2014. Fathering: New Thoughts on It


  • The essence of mother-love is unconditional respect for the child. The essence of father-love is conditional respect based on a mix of four ingredients. 1) The actions he takes to fulfill his sense of duty for raising his offspring. Feelings follow actions and so actions program his heart. 2) The respect the child earns in the father’s eyes. Men don’t respect without reason. Boys don’t either, but before puberty they learn to copy their mother’s respect for others. 3) Fathers respect for the mother is sufficient that he doesn’t want to disappoint her or let her think him incapable or insignificant.
  • Fathers enforce mom’s teaching of obedience but they lack unconditional respect for the child; their respect revolves naturally around kids doing what mom or dad expects. When involved to impose discipline on children, men are more energized to appreciate and preserve their own self-respect than respect the culprit they face. Consequently, a natural gap exists between a woman’s urge to unconditionally respect a child and a man’s expectation that respect be earned. Mom more easily than dad earns a child’s respect. As with men, a boy’s love is founded on respect for the love object. So, son loves father proportional to his respect for dad, which emanates from dad’s trust for son.
  • From toddlerhood to adulthood, children learn to respect others according to the trust they are shown as self-developers. (Boys try it independently and learn by mistakes but girls seek guidance to avoid mistakes.) To the extent they are trusted as self-developers, kids view themselves respected as a person, a boy or girl, and as a member of the family in that order. Later in life, boys self-develop as fathers, which requires they shift roles and give trust to earn the respect of children. (Demanding respect before trusting kids torpedoes the long-range interest of fathers; kids learn not to trust dad.)
  • Consequently, the road of true father-love loops from endless trust for child’s self-development to ever-growing respect for father. Around and around it loops and gathers emotional momentum. But the loop needs an on-ramp. Since a man’s love builds on a foundation of respect, fathers enter the fray awkwardly. They must trust the child first if they are to be respected. (It reminds of this: Wife must first trust husband, if she expects to be respected with emotional faithfulness. Mutual love grows out of trust and respect continually uplifted with both parties adding energy with new initiatives.)
  • Greater trust of child generates greater respect for father, which encourages father to serve better as near-nurturer to the toddler, leader of the prepubescent, and coach to the teen.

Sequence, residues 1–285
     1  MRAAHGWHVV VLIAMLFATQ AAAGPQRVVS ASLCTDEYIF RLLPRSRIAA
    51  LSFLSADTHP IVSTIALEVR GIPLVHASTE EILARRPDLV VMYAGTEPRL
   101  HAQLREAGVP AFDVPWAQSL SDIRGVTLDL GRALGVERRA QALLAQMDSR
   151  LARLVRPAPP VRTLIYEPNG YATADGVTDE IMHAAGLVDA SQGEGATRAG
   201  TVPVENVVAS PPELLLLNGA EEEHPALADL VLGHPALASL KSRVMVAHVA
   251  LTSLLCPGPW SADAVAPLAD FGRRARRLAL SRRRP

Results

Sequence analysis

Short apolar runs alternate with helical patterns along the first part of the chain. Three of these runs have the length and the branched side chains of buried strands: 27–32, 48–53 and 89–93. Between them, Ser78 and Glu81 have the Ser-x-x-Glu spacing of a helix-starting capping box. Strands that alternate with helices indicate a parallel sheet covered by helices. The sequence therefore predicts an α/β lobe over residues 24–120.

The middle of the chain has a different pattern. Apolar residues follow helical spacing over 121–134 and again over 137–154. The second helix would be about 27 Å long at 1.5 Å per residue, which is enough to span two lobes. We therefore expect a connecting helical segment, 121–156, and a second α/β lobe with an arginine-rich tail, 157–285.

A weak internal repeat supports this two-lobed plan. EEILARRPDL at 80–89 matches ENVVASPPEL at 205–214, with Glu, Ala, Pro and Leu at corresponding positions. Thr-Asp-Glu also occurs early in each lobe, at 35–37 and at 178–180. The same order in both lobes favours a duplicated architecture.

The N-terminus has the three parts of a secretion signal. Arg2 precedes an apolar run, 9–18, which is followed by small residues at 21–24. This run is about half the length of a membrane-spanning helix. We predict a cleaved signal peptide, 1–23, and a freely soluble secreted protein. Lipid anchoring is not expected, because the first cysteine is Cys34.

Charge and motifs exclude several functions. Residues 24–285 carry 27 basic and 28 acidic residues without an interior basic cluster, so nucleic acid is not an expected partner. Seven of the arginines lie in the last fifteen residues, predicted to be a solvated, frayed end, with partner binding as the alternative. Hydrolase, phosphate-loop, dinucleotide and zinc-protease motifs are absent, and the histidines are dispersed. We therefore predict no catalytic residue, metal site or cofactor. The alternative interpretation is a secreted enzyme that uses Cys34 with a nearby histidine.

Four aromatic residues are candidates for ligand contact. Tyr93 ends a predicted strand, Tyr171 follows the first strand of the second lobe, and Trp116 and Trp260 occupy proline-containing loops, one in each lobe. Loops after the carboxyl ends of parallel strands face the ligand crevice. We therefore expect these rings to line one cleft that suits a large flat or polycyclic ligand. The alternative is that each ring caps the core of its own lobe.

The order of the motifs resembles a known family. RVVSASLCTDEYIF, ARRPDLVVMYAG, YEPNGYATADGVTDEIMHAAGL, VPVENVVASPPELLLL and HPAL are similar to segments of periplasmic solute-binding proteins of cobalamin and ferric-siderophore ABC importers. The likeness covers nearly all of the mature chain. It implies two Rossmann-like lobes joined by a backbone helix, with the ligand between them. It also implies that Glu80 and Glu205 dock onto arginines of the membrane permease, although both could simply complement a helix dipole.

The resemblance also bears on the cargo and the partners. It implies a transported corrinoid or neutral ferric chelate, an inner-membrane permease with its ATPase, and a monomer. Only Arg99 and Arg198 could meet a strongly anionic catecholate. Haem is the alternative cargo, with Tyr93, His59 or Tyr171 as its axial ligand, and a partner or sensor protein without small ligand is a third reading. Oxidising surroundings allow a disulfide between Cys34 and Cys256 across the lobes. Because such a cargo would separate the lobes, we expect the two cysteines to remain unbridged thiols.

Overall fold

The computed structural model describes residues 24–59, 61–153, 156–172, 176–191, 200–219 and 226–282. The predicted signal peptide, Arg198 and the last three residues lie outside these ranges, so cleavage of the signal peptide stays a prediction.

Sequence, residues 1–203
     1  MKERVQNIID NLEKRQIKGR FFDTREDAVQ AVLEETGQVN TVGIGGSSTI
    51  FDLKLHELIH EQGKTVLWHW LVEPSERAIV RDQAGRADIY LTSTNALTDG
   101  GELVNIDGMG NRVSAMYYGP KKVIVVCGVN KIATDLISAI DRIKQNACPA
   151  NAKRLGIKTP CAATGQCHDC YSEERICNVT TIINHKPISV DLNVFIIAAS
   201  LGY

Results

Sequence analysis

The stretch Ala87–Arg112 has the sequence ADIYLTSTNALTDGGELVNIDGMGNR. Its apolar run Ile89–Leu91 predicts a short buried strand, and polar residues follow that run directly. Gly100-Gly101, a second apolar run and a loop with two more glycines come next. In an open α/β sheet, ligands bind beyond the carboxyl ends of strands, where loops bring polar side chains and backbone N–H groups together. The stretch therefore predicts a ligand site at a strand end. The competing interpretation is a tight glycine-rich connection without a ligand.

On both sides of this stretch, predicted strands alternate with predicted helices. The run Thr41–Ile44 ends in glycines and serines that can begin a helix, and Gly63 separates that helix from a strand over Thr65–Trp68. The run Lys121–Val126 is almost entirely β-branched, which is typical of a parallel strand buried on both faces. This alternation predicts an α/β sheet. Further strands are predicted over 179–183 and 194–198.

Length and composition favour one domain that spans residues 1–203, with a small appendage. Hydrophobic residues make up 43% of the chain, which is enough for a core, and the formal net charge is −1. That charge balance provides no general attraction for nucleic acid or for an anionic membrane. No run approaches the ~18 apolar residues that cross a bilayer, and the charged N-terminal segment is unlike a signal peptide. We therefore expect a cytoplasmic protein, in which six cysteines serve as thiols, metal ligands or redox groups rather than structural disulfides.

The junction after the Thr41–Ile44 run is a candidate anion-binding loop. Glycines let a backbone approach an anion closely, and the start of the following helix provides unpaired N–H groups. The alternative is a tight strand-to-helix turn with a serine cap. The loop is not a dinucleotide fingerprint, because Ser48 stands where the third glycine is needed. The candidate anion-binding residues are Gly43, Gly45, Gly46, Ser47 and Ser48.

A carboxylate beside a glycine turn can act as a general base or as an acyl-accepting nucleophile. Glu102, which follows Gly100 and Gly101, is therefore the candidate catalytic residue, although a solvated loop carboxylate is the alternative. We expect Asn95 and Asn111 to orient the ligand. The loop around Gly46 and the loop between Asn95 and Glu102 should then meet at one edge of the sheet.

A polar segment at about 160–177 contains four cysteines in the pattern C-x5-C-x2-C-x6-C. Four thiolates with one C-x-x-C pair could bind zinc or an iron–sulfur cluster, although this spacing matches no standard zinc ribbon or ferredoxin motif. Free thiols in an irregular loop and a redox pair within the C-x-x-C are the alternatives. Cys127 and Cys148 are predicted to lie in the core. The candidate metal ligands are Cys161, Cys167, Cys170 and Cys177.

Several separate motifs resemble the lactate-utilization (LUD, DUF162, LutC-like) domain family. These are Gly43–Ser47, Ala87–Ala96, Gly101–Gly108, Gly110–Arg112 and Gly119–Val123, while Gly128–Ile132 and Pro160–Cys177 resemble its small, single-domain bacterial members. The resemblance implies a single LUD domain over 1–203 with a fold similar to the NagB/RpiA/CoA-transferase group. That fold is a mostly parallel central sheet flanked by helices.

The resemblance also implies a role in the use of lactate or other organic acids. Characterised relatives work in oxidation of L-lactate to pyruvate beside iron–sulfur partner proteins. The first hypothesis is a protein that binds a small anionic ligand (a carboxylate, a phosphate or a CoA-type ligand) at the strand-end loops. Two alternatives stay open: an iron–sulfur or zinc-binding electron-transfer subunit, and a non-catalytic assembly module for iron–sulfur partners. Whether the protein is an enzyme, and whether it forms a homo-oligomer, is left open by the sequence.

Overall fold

8 Comments

Filed under sex differences

8 responses to “2014. Fathering: New Thoughts on It

  1. Shanna

    Interesting! Your first bullet point explains how some men can have virtually no relationship with their children after a parting or divorce.

  2. Lauren

    I rarely comment, but I must respectfully disagree with some of the thoughts in this post. Based on my observations and training in the child and family mental health field, I would put forth that fathers who are not willing or capable of having unconditional love and respect for their offspring did not learn that from their own fathers. What you are putting forth would suggest that that behavior be perpetuated to the detriment of the child, the father and the family unit. Children are born as clean slates and quickly bond with primary caretakers–whether those caretakers are competent, loving or not. That bond is very difficult to break. Even the most horribly abused children will choose to be returned to abusive families. However, they will grow to replicate those same parenting behaviors.

    Men who choose to abdicate the care and bonding to the mothers are choosing to have the child earn his love and respect. This in turn teaches the child that he or she is “not good enough” as they are but must earn love. Children require that both parents be present and engaged. If we don’t teach our sons that it is ok to love and be loved by both parents from the very beginning, we will continue to have men who leave their children both physically and emotionally. Thus, the cycle continues. I am pretty sure our maker intended that both parents love and respect their children unconditionally or He would have made human reproduction asexual.

    The fact that a father’s love and respect for his child would be conditional is an indication to me that there are underlying needs of the father being unfairly placed on the child.

    Your Highness Lauren,

    In spirit I agree with you 100%, but disagreement dangles on a complex knot hanging on a thin thread. We part ways on this distinction. My article above describes the male nature as observed in fatherhood. Your comment describes the female interest to generate better parenting. (A very worthwhile and well written effort too).

    However, “both parents love and respect their children unconditionally” is impractical as it misleads about the nature of men. So, I find it needful of explanation.